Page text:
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Thursday, March 29, 2012 

From despair to where?

It's been one of those weeks when you just genuinely despair of the human race as a whole.

Never let it be said again that the average person doesn't take much notice of politics. All it seems you need to create a panic buying spree is for a cabinet minister to say the words "jerry can" and suddenly much of the nation decides they simply must fill their petrol tank right up. Being a cynic, I imagined that it was the latest desperate ploy to try and get the press to talk about something other than pasty and granny taxes, and an attempt to spike Labour's corresponding rise in the opinion polls. We might run out of fuel, and it'll all be Ed Miliband's fault! It didn't matter that they should have known the public always blames the government almost much as it does the unions when a strike happens, it was seemingly worth a go seeing as the bringing forward of the announcement of the alcohol strategy had failed so miserably, which if anything actually increased the perception that the coalition simply doesn't get it.

In fact, if we're to believe Nick Robinson, a semi-panic was precisely what the government wanted to happen. Whether down to their bizarre fixation with "nudge" political psychology or otherwise, they seemed to think that if they encouraged people to fill up now they'd be less impact if there was a strike, even though the union has to give 7 days' notice before one can take place giving plenty of time to prepare, and Unite is any case going to the conciliation service Acas in search of a compromise. The predictable result was that every halfwit in the country and plenty of other normally entirely rational individuals felt they must do exactly what Francis Maude and Cameron advised right that very second. When there's a queue three cars deep for petrol at 8:30 on a Wednesday night, as there was in the town next to mine yesterday, then there's something downright silly going on.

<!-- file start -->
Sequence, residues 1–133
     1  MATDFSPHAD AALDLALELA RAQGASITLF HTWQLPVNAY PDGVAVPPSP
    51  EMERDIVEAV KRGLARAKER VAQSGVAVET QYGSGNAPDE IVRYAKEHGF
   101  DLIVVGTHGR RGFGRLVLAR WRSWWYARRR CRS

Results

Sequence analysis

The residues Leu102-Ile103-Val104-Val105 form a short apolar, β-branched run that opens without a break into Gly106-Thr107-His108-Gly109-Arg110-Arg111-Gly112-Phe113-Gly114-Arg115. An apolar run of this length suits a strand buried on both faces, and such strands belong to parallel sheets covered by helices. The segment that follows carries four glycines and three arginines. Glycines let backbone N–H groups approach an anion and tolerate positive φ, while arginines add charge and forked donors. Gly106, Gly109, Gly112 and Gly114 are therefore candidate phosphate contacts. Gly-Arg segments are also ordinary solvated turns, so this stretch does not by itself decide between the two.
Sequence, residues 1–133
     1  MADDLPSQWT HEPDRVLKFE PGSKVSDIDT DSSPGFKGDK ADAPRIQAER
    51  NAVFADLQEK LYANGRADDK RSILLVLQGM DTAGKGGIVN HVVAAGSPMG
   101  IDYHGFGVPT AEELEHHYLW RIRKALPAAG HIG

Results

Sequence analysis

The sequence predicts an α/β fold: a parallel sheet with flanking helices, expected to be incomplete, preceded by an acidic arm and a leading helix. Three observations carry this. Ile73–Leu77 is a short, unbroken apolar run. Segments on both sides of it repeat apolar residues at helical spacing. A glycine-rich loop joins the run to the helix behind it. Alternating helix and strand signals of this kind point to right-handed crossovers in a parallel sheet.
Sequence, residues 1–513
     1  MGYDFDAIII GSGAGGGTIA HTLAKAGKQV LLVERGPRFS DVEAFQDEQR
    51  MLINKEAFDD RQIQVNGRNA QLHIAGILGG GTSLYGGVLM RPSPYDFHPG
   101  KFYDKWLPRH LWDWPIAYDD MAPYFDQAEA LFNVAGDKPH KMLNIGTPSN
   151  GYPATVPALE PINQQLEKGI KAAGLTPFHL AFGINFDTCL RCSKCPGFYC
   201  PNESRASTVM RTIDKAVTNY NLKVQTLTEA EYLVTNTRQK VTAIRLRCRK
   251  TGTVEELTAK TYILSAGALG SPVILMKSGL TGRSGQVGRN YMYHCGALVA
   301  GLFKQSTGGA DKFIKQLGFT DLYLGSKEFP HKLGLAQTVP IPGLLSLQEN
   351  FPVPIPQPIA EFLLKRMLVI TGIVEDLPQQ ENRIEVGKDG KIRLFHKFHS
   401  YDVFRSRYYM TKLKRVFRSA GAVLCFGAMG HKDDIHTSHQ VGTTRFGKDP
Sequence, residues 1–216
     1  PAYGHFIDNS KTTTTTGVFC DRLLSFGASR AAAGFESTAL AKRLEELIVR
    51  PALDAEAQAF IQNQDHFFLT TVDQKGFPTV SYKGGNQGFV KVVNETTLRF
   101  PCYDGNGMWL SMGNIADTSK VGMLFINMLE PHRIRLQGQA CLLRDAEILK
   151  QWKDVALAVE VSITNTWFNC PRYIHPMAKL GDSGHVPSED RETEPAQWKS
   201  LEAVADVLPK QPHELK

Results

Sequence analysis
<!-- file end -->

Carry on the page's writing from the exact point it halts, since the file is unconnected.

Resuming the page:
The problem isn't that those behind the coalition are stupid, with the exception of getting rid of the 50p tax rate, which was downright idiotic politically and it still staggers me that the Lib Dems went along with it. It's that they're trying to be too damn clever and instead ending up looking stupid when it all falls apart. Damian MacBride in his brilliantly insightful post into how the budget process works relates how under Labour every year certain changes to the VAT system would be proposed, and every year they would be rejected for being politically daft and/or unfair. This year, because George Osborne must have been flailing around looking for loopholes to raise money due to his monomania with getting rid of the 50p rate, he finally went with the one on hot food. In practice, there's no reason whatsoever why food that is being taken away to be eaten immediately should not have VAT charged on it; in reality, it means we have to go into all this unbelievably complicated nonsense about "above air-ambient temperatures".

It's also meant that every politician has had to been seen feeling the pain of Greggs, the least sympathetic business this side of Ryanair. There was a wonderful strip in Viz a while back showing the traditional baker having all his custom taken by a newly opened Greggs, resulting in his closing down and having to take a job in... Greggs, except on half the pay, natch. The same clever clever instinct was behind removing pensioner's tax allowance, which as the IFS pointed out still leaves the vast majority comfortably off compared to the rest of us, just that it should have been announced as such rather than hidden as a patronising "simplification".

When these things happen, as they do to every government, they usually do so over the course of a parliament. It's when fiasco piles very quickly upon on fiasco, and especially when the government itself seems to have deliberately engineered one that they start to affect the overall picture. The last week could yet turn out to be the a rerun of what happened to Labour during the fuel protests in 2000, the Conservatives managing to take a poll lead for less than two weeks, something they wouldn't achieve again for three years. It's a fairly safe bet that Labour won't remain ten points ahead in the polls, but then they don't have to: as long as the Liberal Democrats stay at about 15%, Labour only needs a lead of 6% over the Conservatives to get a healthily workable majority. And if, as the OECD predicts, there is a shallow technical recession when the growth figures for the first quarter of this year are announced in a month's time, then there's no reason whatsoever why the Tories should continue to keep their poll lead on economic competence. Then again, if George Galloway has won the Bradford West by-election, you can guarantee that the entire weekend will be taken over with Tory gloating. And we will have come full circle.

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